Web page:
If you're confused about the latest comments of public leaders concerning what to do about the COVID-19 pandemic, it's forgivable.
Their policy plans are somewhat contradictory.
The White House coronavirus task force says the state should close bars and implement a statewide mask mandate.
Tulsa has a mask mandate, but Mayor G.T. Bynum and Tulsa Health Department Executive Director Bruce Dart say they can't justify closing bars locally based on the evidence from contact tracing.
Bynum adds that the security of Tulsa's health care system depends on suburbs requiring masking in public places, but the suburbs seem to be standing pat.
The state health department and medical leaders say masks are needed, but more than a third of school districts are opening without that requirement, which endangers children, teacher, parents and the community at large.
Meanwhile, Gov. Kevin Stitt has taken no action on bars, masks or schools. He routinely reissued a standing order last week, which clarified absentee voting issues, but didn't do much else.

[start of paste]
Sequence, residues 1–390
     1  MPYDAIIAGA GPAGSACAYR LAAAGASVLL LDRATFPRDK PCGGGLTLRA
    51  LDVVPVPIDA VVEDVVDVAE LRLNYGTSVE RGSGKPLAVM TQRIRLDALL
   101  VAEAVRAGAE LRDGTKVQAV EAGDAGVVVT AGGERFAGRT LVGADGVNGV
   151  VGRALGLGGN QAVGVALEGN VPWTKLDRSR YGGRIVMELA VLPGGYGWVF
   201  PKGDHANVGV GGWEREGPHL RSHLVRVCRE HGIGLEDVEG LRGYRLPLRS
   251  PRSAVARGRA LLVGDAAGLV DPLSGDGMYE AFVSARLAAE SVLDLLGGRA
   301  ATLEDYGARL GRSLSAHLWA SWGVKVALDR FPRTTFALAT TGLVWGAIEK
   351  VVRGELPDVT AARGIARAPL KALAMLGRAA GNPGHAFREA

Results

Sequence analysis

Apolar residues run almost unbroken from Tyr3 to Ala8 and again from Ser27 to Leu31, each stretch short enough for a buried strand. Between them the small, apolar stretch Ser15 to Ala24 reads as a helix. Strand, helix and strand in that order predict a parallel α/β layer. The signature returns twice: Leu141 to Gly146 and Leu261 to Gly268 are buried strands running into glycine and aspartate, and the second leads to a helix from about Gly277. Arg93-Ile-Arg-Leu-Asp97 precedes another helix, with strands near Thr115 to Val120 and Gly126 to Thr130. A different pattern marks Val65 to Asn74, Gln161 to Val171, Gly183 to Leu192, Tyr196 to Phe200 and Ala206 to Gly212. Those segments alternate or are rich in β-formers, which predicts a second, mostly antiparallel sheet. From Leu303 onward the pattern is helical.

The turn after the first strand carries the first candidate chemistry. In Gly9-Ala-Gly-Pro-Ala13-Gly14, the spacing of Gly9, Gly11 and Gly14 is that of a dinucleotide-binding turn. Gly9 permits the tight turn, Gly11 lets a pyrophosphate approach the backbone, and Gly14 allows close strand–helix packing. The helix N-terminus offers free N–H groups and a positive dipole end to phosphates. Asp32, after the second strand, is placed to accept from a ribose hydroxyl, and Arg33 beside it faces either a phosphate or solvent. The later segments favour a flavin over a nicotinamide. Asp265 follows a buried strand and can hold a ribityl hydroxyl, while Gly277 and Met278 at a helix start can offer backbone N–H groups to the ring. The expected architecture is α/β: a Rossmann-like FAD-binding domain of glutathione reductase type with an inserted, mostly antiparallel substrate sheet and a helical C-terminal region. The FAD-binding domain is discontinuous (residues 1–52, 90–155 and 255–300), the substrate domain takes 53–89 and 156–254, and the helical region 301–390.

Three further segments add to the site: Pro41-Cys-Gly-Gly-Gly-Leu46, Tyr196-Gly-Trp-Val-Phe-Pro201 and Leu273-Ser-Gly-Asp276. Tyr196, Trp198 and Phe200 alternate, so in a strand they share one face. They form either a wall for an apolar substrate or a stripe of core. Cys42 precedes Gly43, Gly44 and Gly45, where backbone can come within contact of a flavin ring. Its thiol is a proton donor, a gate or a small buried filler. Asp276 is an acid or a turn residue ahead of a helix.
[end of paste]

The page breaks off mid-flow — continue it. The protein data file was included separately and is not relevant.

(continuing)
We have grown to trust Dart's judgment in these issues. He speaks carefully and on the basis of evidence.
If he says the evidence doesn't point to a need to close bars, we'll stand down on that issue for now, and expect him to sound the alarm when the time comes.
But Bynum's comments about the need for suburban mask mandates are also convincing.
We don't have a Tulsa health care system and a Broken Arrow health care system. We have one regional health care system. If portions of the region refuse to do the right thing, it endangers us all.
It's time for Stitt to act.
If he won't sign off on the mask mandate President Donald Trump's coronavirus experts say is needed in the state, he should implement a tailored mandate that targets hot spots and particularly critical pieces of the puzzle, which includes all of metropolitan Tulsa.
All reliable sources agree: The state's COVID-19 numbers are out of control and going in the wrong direction. More than 250 Oklahomans died from the disease in August, up from 202 in July. Oklahoma has the eighth highest rate for positive coronavirus test results and the 12th highest number of new daily cases per capita. Both numbers are going the wrong way — up.
Do your job, Gov. Stitt. Protect the people of Oklahoma.
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